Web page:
"It was just sitting there bleeding, sort of unable to walk properly and it looked like it had been abandoned by its mum so I just picked it up and decided to take it home," Owens told Newshub. The timing of finding Swoop couldn't have been better. Owens' dad had just been diagnosed with terminal cancer, and the bond he formed taking care of Swoop gave Owens an extra dose of love and comfort.

Mowgli wasn't sure about the new family member at first, but soon took to Swoop and the two became fur-feather friends. The Dodo recently shared a video on Facebook highlighting Owens, Swoop, and Mowgli's story, and it's unbelievably adorable.

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It is said that once you've seen something, you can't unsee it. This is exactly what is happening in America right now. We have collectively watched the pot of racial tension boil over after years of looking the other way, insisting that hot water doesn't exist, pretending not to notice the smoke billowing out from every direction.

Ignoring a problem doesn't make it go away—it prolongs resolution. There's a whole lot of harm to be remedied and damage to be repaired as a result of racial injustice, and it's up to all of us to figure out how to do that. Parents, in particular, are recognizing the importance of raising anti-racist children; if we are unable to completely eradicate racism, maybe the next generation will.

How can parents ensure that the next generation will actively refuse to perpetuate systems and behaviors embedded in racism? The most obvious answer is to model it. Take for example, professional tennis player Serena Williams and her husband, Reddit co-founder Alexis Ohanian.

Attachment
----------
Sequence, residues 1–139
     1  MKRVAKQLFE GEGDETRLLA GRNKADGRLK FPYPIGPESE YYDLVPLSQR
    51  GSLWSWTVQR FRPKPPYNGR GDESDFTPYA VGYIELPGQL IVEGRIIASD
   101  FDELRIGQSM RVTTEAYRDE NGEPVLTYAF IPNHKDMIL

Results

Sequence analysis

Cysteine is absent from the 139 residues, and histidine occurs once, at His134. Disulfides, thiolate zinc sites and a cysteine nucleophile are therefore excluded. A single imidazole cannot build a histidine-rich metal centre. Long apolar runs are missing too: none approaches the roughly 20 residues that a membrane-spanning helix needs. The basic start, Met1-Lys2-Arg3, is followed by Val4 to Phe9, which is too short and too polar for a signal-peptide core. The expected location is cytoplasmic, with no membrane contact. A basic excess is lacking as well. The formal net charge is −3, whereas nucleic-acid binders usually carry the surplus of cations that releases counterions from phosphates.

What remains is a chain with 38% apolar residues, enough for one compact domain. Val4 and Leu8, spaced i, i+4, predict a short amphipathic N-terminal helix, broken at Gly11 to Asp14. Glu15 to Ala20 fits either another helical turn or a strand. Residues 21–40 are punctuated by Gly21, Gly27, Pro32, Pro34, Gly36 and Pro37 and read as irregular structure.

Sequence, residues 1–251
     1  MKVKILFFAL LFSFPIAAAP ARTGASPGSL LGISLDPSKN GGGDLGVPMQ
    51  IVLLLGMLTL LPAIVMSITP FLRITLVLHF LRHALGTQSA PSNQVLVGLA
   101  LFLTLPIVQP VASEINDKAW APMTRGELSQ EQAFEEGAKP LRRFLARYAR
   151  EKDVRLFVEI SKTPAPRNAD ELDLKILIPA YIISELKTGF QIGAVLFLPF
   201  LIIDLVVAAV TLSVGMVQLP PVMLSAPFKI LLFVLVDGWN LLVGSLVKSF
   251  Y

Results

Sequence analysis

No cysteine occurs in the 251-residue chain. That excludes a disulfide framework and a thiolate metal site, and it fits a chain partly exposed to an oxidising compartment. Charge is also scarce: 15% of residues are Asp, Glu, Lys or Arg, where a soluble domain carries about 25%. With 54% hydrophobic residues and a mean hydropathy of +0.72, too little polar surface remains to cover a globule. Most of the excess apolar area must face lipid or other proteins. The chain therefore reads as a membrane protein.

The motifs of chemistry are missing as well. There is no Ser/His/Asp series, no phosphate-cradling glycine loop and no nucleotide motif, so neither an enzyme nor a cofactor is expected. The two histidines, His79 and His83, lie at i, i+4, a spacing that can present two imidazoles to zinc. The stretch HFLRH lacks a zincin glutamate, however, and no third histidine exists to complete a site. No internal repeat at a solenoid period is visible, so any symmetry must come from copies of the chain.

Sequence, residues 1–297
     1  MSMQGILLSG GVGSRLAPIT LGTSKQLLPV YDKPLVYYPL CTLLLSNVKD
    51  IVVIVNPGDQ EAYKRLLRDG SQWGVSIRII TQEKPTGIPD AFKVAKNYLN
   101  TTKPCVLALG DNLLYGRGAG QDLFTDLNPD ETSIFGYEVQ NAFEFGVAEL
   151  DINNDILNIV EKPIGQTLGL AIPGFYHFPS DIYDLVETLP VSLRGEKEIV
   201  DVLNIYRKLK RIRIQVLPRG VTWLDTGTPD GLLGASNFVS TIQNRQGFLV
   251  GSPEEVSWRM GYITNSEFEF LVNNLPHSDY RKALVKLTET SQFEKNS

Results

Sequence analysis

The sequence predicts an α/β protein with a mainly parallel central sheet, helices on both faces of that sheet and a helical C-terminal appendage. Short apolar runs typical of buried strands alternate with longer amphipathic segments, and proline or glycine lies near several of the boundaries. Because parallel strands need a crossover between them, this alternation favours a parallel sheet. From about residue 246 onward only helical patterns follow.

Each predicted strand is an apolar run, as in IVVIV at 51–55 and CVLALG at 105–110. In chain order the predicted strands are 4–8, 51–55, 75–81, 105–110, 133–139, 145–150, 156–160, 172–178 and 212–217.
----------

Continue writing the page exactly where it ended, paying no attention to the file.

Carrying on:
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Two years ago, I got off the phone after an interview and cried my eyes out. I'd just spent an hour talking to Tim Ballard, the founder of Operation Underground Railroad, an organization that helps fight child sex trafficking, and I just couldn't take it.

Ballard told me about how the training to go undercover as a child predator nearly broke him. He told me an eerie story of a trafficker who could totally compartmentalize, showing Ballard photos of kids he had for sale, then switching gears to proudly show him a photo of his own daughter on her bicycle, just as any parent would. He told me about how lucrative child trafficking is—how a child can bring in three or four times as much as a female prostitute—and how Americans are the industry's biggest consumers.

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Bill Gates has always been passionate about providing vaccines to the parts of the world that lack resources. On Friday he came through again by announcing that the Bill and Melinda Gates Foundation is committing $150 million toward efforts to develop and distribute a low cost COVID-19 vaccine to some of the poorer countries of the world.

According to Vox, this latest financial commitment brings the total Gates has dedicated to the pandemic to around $500 million. He is hoping the funds will keep vaccine costs down to increase accessibility beyond just the wealthier populations. As Gates told Bloomberg, "We're trying to make sure we can end it not just in the rich countries." Gates is working with the Serum Institute, which is the most prolific vaccine producer in the world, to make $100 million doses that would not exceed $3. In general, companies producing the vaccine have agreed to keep the profit margin low."